Peugeot 306 GTi-6

The 306 GTi-6 was the darling of all the car magazines back in the 1990s. For good reason, too; its chassis was head-and-shoulders above the competition, running circles around the Volkswagen Golf GTI and the Renault Megane 16V of the day. Like its ancestor, the 205 GTi, the 306 turned in well and offered lots of grip – and it was easy to coax into lift-off oversteer.

It also had a cracker of an engine. It was a simple, naturally aspirated 2.0-litre four-cylinder petrol unit, developing a modest 167bhp and 192Nm of torque – which offered a 0–62mph time of around eight seconds and top speed of 135mph. Peugeot also fitted the unit with a twin-cam head, meaning the 306 GTi-6 would happily thrash itself up to a 7,000rpm redline.

Renault Clio Williams

The Renault Clio Williams was the first hot hatchback to put the legendary Peugeot 205 GTi in its place. It handled like it was on rails – Renault’s engineers pinched the reinforced front subframe from the Clio Cup racer of the day; then fitted uprated springs, beefier dampers, new rear torsion arms and thicker anti-roll bars. The track was also about an inch wider than the standard car’s, to accommodate the wider Speedline alloys and fatter tyres.

The Clio’s engine was another naturally aspirated four-cylinder petrol unit, this time displacing 1.8 litres and producing 148bhp. The powertrain’s peak torque figure of 171Nm arrived low in the rev-range, too, which made the Williams feel gutsy and eager – especially when coupled with its 981kg kerb-weight.

Peugeot 106 Rallye

For the third time in this list, homologation rules forced a manufacturer’s hand into producing an excellent hot hatch. Back in the 1990s, the sub-1300cc class of the World Rally Championship was popular (and profitable) but, thankfully, Peugeot’s sporty 106 XSi didn’t comply with the rules, due to its 1.4-litre engine.

To get around the issue, Peugeot dropped a raucous 100bhp 1.3-litre four-cylinder into the 106 XSi’s engine bay and fitted a set of stiffer anti-roll bars. Then, the company’s engineers threw every scrap of superfluous equipment in the bin, giving the Rallye a kerb-weight of 825kg. The effects were profound – the 106 Rallye had razor-sharp handling, vast reserves of grip and an impressive power-to-weight ratio of 121bhp per tonne.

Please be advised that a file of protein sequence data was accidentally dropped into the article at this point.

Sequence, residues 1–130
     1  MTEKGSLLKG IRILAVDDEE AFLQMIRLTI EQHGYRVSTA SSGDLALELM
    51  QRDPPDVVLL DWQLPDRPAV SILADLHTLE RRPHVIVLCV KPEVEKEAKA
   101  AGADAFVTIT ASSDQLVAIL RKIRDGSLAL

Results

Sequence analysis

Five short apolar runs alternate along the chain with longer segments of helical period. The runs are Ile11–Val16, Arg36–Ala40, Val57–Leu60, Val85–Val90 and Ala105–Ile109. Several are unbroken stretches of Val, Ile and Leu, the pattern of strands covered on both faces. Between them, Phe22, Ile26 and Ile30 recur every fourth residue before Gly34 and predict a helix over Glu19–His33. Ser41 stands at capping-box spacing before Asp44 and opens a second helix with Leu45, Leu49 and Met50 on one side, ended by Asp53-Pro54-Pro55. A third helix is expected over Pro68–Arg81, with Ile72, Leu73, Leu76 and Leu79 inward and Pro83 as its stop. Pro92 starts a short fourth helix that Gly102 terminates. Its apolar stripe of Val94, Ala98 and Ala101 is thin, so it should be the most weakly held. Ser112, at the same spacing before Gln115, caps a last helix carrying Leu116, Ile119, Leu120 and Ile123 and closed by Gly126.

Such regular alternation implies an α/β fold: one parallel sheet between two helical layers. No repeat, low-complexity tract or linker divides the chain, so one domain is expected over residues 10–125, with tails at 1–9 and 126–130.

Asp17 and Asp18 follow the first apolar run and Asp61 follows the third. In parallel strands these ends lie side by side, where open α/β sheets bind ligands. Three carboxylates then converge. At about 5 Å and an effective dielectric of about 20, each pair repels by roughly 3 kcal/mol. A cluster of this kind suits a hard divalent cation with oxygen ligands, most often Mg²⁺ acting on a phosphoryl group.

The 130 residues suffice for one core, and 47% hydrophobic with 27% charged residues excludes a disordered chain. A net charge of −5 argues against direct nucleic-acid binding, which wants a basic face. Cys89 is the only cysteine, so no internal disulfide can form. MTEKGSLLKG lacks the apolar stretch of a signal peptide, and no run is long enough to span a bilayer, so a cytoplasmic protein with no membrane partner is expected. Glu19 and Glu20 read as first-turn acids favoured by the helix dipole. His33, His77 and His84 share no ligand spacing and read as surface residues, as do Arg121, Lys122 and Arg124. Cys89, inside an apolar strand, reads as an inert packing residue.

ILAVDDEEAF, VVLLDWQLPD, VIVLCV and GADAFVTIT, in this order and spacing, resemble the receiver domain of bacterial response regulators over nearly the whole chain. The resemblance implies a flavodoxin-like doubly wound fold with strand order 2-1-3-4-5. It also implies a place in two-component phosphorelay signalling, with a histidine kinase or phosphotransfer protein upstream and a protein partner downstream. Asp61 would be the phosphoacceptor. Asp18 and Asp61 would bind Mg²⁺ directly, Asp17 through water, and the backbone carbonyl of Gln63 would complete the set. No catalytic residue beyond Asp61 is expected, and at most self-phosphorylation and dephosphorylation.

Vauxhall Astra GSi

Most of the cars on this list are nimble and dainty – but not the Astra GSi. It was a heavyweight in a class of bantams, with a bulky body, poor handling, standard airbags and a suspension setup pinched from the larger Cavalier. However, all of this meant that, when it inevitably saw the wrong side of a ditch, it was considerably safer than its rivals.

It was powered by an early version of Vauxhall’s motorsport-derived “Red Top” 2.0-litre four-cylinder petrol engine, which developed 148bhp and a meaty 196Nm of torque. The twin-cam unit was built in collaboration with Cosworth and has a reputation for tunability, with later turbocharged variants developing upwards of 200bhp.

Volkswagen Polo G40

The Polo G40 was another experiment with forced induction. Unlike its rivals, the Fiat Uno Turbo and Ford Fiesta RS Turbo, the G40 was fitted with a belt-driven supercharger rather than an exhaust-driven turbocharger. As such, the G40’s boost arrived low down and climbed in a linear fashion throughout the rev range – and there was no turbo lag.

The engine to which the supercharger was bolted was a 1.3-litre four-cylinder petrol unit. With the help of forced induction, it had an output of 113bhp and 150Nm of torque. Couple that with a short ratio gearbox and a lightweight body and you’ve got a hot hatch that can keep up with modern competition. Top speed is 122mph, while 0–62mph takes around eight seconds.


The Ibiza GTI was an early product of SEAT’s partnership with Volkswagen. It was based on a modified version of the (rather lumpant) Mk3 Golf’s underpinnings – but its handling was far better than its donor car’s due to its shorter wheelbase, stiffer suspension and lower kerb weight.

Thankfully, it retained the Golf’s range of powerful four-cylinder petrol engines. Buyers could opt for either a 113bhp 2.0-litre eight-valve powertrain, or a free-revving 127bhp 1.8-litre 16-valve unit – the latter of which offered a 0–62mph time of 8.6 seconds. Post-1996 Cupra Sport models were also available with a 2.0-litre 16-valve four-cylinder engine, which saw the Ibiza’s power figure soar to 148bhp and its 0–62mph time drop to 7.6 seconds.

Which of our best 90s hot hatchbacks is your favourite? Let us know in the comments section below…